From: Patrick Durusau (email@example.com)
Date: Mon Jun 07 2004 - 07:18:19 CDT
Peter Kirk wrote:
> On 06/06/2004 14:38, Patrick Durusau wrote:
> I do not mean to imply that the current proposer has not noted "the
> distinction between the terms character and glyph as defined in this
> standard." Dr Kaufman is wrong in suggesting that he does not understand
> glyphs or Unicode. As it seems to me, the proposer has rather rejected
> the considered opinions of Semitic scholars that the abjads are made up
> of the same characters, in favour of his own judgment that they are
> separate abstract characters. This is the judgment that I am
> questioning, on the authority of your clear statement, Patrick, of the
> scholarly view that the abjads share the same characters.
Sorry, I presumed a common understanding that different communities
understand "character" and "glyph" differently.
It is inaccurate to take one communities' statement (for a particular
purpose) that "abjads share the same characters" and apply it in another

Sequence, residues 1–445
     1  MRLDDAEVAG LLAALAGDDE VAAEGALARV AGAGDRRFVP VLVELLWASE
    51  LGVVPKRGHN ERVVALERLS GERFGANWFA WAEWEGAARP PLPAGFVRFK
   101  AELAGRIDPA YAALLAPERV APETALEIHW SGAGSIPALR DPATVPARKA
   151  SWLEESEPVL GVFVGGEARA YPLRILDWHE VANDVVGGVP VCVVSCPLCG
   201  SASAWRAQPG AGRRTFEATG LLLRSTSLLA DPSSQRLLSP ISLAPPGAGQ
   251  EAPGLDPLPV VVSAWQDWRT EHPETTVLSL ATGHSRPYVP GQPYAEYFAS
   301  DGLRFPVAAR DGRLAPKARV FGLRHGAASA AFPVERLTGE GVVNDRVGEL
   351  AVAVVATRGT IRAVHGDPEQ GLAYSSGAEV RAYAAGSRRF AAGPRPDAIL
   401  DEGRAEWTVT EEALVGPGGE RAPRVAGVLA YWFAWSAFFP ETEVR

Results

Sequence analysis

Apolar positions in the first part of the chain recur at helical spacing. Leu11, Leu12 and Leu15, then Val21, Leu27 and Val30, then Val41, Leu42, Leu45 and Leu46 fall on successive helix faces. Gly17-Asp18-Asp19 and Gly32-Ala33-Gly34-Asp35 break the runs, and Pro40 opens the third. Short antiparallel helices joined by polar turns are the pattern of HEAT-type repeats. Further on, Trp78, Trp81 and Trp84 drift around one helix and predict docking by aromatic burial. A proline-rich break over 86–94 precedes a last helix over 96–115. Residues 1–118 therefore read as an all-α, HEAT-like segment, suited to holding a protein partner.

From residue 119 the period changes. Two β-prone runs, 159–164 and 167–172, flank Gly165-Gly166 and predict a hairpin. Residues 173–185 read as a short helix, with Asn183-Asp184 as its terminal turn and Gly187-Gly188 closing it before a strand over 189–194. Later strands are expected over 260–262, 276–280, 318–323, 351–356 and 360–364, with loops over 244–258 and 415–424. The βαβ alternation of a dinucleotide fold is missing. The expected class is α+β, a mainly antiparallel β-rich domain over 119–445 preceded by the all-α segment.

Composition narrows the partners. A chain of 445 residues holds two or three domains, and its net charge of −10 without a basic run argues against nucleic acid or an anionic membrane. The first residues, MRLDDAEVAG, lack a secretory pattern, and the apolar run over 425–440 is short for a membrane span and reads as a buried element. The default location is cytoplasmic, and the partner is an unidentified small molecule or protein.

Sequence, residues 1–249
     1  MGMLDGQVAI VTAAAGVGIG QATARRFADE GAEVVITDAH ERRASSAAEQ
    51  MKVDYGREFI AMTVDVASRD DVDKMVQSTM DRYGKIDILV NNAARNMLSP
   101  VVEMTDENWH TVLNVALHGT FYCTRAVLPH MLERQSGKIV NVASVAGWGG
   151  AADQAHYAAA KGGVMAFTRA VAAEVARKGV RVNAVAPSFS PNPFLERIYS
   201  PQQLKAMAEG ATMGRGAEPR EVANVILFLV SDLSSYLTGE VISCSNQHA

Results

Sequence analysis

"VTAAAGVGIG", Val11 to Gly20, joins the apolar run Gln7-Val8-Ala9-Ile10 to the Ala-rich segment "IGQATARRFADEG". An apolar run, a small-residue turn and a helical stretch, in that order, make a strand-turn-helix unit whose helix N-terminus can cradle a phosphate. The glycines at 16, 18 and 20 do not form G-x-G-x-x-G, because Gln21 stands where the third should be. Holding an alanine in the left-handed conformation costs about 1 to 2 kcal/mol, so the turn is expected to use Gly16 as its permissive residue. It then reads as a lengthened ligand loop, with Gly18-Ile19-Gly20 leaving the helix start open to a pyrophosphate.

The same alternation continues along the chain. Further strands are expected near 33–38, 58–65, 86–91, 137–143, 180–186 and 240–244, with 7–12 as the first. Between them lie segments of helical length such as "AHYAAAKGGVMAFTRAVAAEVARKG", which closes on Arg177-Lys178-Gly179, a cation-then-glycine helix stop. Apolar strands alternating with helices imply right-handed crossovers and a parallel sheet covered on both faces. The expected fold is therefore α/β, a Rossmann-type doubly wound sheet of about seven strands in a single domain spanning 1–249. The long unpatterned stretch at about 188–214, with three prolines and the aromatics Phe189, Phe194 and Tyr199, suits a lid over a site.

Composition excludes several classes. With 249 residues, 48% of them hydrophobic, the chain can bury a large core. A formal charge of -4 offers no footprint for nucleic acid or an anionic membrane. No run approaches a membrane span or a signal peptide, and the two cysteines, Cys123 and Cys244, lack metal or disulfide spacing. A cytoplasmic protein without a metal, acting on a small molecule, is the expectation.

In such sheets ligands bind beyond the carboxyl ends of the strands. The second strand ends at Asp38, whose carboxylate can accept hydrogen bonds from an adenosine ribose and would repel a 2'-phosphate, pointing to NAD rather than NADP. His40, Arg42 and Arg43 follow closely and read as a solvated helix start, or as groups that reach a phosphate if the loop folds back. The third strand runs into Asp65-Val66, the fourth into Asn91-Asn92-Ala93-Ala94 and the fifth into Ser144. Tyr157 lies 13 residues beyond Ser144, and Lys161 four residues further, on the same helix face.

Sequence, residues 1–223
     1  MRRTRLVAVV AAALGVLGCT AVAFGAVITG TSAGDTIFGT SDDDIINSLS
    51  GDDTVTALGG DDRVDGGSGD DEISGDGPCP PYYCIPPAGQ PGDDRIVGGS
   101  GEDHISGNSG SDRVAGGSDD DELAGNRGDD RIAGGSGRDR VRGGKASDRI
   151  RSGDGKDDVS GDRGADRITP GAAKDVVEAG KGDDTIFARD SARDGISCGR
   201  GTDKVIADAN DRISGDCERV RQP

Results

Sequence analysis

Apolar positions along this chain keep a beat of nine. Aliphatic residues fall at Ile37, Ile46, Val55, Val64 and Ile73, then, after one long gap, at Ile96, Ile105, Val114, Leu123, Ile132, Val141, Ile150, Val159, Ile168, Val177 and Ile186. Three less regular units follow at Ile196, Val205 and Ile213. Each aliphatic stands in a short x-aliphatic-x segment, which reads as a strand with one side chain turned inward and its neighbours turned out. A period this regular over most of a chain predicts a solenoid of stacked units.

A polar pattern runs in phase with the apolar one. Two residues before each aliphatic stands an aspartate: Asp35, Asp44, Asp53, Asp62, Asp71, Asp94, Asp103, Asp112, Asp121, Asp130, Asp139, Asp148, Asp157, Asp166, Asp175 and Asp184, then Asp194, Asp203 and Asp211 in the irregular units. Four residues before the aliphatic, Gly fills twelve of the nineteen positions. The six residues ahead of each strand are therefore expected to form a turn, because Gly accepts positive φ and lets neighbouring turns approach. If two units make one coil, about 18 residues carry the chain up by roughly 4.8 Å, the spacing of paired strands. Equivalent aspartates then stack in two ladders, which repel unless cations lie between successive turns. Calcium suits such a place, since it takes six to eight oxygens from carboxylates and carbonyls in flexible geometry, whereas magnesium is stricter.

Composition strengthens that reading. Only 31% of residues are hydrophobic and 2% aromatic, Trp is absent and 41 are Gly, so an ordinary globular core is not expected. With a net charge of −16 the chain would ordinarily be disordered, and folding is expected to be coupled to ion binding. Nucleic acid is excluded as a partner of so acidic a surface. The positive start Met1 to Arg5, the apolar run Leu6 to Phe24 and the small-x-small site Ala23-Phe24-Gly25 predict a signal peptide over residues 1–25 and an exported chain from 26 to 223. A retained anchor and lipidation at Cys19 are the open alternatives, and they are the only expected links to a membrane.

community, that has a different purpose or meaning for the same phrase.
Take a non-Unicode example: The understanding of "human rights" in the
United States does not include a right to government sponsored medical
care. From what I have been told, Europeans understand "human rights" to
include such care. (Not interested in debating the relative merits of
either one.) My point is that I could say, as a US national in a
European country, that everyone should support "human rights" and be
understood quite differently from what I may (or may not) have intended.
If that is still unclear, then I have failed to accurately convey the
meaning of my prior posts. I really don't have time to continue debating
this issue so if you would refer to my full postings in the archive,
readers can make their own judgments about what was or was not meant.
Hope you are having a great day!
-- Patrick Durusau Director of Research and Development Society of Biblical Literature Patrick.Durusau@sbl-site.org Chair, V1 - Text Processing: Office and Publishing Systems Interface Co-Editor, ISO 13250, Topic Maps -- Reference Model Topic Maps: Human, not artificial, intelligence at work!
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